Federal Trade Commission officials said on Thursday that General Motors, Jim Koons Management and Lithia Motors all agreed to settle separate administrative complaint allegations from the regulator.
The FTC indicated each company touted how rigorously they inspect their vehicles, yet failed to disclose that some of the used models they were selling were subject to unrepaired safety recalls.
The FTC’s complaint against GM cites the company’s representations for certified pre-owned vehicles such as when the automaker claimed:
“Our 172-Point Vehicle Inspection and Reconditioning Process is conducted only by highly trained technicians and adheres to strict, factory-set standards to ensure that every vehicle’s engine, chassis, and body are in excellent condition. The technicians ensure that everything from the drivetrain to the windshield wipers is in good working order, or they recondition it to our exacting standards.”
The FTC alleges that GM advertised numerous CPO vehicles at its local dealerships using these claims without disclosing that certain used vehicles offered for sale were subject to previously announced open (unrepaired) recalls for safety issues.
According to the FTC’s complaint, those vehicles subject to recalls had defects that can cause serious injury, including a key ignition switch defect that can affect engine power, power steering, braking and airbag deployment, problems in the body control module connection system that can affect braking, and chassis electronic module defects that can cause engine stalls.
The FTC’s complaint against Jim Koons Management Company, which also does business as Jim Koons Automotive Companies, involves the company’s purported “guarantee” that “every certified Koons Outlet vehicle must pass a rigorous and extensive quality inspection before it can be sold. Our certified mechanics check all major mechanical and electrical systems and every power accessory as part of our rigid quality controls.”
The complaint alleges that some vehicles were subject to unrepaired recalls, including those involving the key ignition switch, alternator-related defects that could cause unexpected vehicle shutdown or an electrical fire, and a rear suspension defect that could result in a fuel leak or fire.
Jim Koons Management has 15 dealerships in the Mid-Atlantic region.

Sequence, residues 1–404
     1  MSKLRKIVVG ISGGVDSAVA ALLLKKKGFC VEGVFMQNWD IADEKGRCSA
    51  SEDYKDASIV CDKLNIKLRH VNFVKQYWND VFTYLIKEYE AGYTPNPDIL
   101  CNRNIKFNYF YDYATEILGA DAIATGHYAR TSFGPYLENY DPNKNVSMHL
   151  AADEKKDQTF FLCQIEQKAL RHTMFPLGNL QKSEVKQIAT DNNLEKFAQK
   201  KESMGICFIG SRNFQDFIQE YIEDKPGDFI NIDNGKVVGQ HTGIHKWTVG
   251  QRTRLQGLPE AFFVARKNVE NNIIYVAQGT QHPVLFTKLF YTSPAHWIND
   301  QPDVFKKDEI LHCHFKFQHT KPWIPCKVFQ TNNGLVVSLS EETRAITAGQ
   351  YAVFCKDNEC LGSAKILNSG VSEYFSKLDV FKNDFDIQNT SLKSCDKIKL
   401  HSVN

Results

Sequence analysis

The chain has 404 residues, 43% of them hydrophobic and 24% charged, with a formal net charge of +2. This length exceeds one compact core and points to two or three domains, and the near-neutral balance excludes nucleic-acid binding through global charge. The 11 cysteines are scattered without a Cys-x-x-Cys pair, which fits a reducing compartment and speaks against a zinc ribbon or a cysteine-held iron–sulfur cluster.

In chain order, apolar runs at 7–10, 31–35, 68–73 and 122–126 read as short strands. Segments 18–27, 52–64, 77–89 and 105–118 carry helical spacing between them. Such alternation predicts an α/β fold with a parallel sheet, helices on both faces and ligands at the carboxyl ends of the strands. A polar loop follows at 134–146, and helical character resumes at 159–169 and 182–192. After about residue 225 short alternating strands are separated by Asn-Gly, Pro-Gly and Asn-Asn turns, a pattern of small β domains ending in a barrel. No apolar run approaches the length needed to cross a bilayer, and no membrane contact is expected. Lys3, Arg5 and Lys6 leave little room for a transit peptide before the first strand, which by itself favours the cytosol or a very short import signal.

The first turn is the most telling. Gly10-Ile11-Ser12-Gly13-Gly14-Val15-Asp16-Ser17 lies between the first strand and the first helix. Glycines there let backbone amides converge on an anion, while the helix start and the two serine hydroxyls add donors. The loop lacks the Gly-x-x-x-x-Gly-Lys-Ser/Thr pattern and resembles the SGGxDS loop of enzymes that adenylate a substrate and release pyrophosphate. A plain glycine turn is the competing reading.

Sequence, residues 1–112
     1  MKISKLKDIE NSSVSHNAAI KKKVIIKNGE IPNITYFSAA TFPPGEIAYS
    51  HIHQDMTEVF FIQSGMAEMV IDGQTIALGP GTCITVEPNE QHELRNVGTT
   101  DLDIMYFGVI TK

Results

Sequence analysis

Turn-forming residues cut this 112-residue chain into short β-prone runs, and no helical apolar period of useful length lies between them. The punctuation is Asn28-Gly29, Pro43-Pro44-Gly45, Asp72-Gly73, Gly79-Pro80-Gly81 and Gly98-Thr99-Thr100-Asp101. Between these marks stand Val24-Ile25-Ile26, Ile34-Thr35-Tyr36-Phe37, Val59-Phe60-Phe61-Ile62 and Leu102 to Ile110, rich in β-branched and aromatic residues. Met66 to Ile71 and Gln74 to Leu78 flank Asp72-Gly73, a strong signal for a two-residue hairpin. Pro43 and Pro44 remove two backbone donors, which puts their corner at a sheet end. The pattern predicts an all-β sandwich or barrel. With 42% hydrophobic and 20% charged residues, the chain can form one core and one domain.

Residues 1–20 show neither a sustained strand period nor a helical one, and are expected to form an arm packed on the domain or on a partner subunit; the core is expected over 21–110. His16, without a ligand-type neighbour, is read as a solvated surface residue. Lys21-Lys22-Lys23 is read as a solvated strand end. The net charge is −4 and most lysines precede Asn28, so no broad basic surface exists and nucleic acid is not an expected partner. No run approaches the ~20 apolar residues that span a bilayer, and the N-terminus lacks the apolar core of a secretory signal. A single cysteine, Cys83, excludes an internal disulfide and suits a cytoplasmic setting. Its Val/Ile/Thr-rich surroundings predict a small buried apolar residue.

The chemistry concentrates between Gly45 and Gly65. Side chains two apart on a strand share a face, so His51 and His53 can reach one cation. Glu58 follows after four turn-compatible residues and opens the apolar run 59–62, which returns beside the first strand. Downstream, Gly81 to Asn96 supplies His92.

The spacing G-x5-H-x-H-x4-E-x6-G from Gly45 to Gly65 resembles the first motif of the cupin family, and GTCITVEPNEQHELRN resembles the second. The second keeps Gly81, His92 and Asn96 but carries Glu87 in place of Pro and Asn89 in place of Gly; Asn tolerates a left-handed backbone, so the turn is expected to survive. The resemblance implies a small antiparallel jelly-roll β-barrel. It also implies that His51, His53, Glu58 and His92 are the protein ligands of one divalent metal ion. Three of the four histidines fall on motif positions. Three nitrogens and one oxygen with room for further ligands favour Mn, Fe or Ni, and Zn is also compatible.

The FTC’s complaint against Lithia cites claims for its dealer-backed “60- Day/3000 Mile” warranty, including:
“ . . . vehicles are put through an exhaustive 160-checkpoint Quality Assurance Inspection. We inspect everything from the tires and the brakes to suspension, drive train, engine components and even the undercarriage.”
Nonetheless, the FTC complaint alleges, some of the vehicle Lithia advertised were subject to unrepaired recalls involving defects in the key ignition switch and other safety issues.
Lithia operates more than 100 dealerships
Under the proposed consent orders, which would remain in effect for 20 years, the FTC said the companies are prohibited from claiming that their used vehicles are safe or have been subject to a rigorous inspection unless they are free of unrepaired safety recalls, or unless the companies clearly disclose the existence of the recalls in close proximity to the inspection claims.
The regulator added the proposed orders also would prohibit the companies from misrepresenting material facts about the safety of used vehicles they advertise.
These proposed orders will also require the companies to inform recent customers, by mail, that their vehicles may have an open recall.
For GM this requirement applies to CPO vehicles purchased between July 1, 2013 and the final order date.
For Lithia, this requirement applies to Lithia Warranty used vehicles purchased during the same time period.
For Koons, it applies to certified used vehicles purchased between July 1, 2013 and June 15 of last year.
“Safety is one of the biggest considerations for consumers shopping for a car,” said Jessica Rich, director of the FTC’s Bureau of Consumer Protection.
“So companies touting the comprehensiveness of their vehicle inspections need to be straight with consumers about safety-related recalls, which can raise major safety concerns,” Rich continued.